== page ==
|dc.description.abstract||Allium white rot (AWR), caused by the soil-borne fungus Sclerotium cepivorum (Berk.), is the predominant disease of onion crops worldwide. This disease is difficult to control using conventional methods due to the resilience and longevity of soil borne sclerotia. No naturally occurring source of genetic resistance has been identified in onion. Therefore, the development of onions, which express traits with the potential to confer resistance to pathogenic microbes such as Sclerotium cepivorum, would be a major advance for onion breeding. Two genes with the potential to confer such resistance were integrated into the onion genome using genetic transformation. The first gene (mgd) encoded a magainin peptide derived from the African Clawed Frog (Xenopus laevis), which exhibits antimicrobial activity against numerous fungal and bacterial plant pathogens through membrane destabilisation and cell lysis. The second gene (oxo) encoded the oxalate oxidase enzyme, which degrades the fungal toxin, oxalic acid, produced during S. Cepivorum infection and enhances plant disease resistance through the concomitant production of hydrogen peroxide. These genes were transferred to onions through genetic transformation. Over 24,000 embryos were transformed with the mgd and oxo gene constructs over four seasons. Transgenic sectors were selected through their ability to grow on selective growth medium containing 15 g/L mannose or 20 mg/L geneticin and positively identified through the expression of the gfp visual reporter gene. Two magainin expressing lines (0215 2 and 0309 30) and one oxalate oxidase expressing line (0407 46) were confirmed as transgenic through molecular analyses. A bioassay using hydroponically grown roots inoculated with pre-germinated S. Cepivorum sclerotia detected significant differences in hyphal abundance and lesion size on the transgenic mgd line (0309 30) and oxo onion line (0407 46), respectively, compared to a non-transgenic onion line.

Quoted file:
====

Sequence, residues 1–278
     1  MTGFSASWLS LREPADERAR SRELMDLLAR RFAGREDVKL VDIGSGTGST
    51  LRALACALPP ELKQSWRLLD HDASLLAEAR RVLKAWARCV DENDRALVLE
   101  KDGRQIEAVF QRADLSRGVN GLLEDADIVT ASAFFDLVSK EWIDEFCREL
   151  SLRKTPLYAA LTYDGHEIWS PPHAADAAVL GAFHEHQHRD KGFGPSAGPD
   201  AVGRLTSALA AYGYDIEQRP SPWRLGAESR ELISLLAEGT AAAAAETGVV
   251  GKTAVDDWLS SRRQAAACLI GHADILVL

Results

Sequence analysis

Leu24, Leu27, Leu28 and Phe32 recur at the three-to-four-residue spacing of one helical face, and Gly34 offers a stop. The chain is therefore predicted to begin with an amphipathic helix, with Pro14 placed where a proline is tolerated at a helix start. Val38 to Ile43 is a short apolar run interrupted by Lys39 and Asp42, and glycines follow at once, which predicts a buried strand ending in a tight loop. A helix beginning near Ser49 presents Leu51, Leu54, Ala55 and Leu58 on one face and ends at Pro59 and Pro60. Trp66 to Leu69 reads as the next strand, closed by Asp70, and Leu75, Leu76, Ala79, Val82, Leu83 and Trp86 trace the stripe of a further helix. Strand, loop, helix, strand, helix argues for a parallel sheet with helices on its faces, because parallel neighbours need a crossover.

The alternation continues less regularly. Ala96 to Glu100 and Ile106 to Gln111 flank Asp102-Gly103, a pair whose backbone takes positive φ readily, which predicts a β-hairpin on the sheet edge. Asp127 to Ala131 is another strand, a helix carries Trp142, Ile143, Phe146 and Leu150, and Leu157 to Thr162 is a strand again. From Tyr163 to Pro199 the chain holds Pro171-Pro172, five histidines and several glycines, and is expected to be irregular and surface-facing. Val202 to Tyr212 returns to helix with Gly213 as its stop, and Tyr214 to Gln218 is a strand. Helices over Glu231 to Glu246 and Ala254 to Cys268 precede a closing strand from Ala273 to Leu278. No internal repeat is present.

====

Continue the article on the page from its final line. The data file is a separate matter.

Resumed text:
Promoter regions from a highly expressed root-specific transcript, identified from an onion cDNA library, were isolated using TAIL-PCR. Three putative promoter sequences (AD1, AD5 and AD9) were identified in association with three proline-richgenes (AD10, AD57 and AD92). Bombardment of full-length versions of the putative promoters (613 bp, 770 bp and 673 bp, respectively) fused to the gfp visual reporter gene identified non-specific promoter activity in both bulb and root tissue in the AD5 and AD9 promoters. Truncation of these promoters at approximately -500 bp, 300 bp, -200 bp and -100 bp revealed elevated levels of promoter activity in the -200 bp truncations and the maintenance of promoter function in the -97 bp truncations. Levels of gfp expression directed by the -197 bp truncation of the AD9 promoter were not significantly different to those directed by the viral CaMV 35S promoter.
Analysis of the transgenic plants in the field is expensive and highly regulated. Therefore, an in vitro screening protocol was developed to detect resistance to AWR in seedlings. Preliminary experiments demonstrated the protocol to be sufficiently robust to detect significant differences in resistance between different Allium species.||en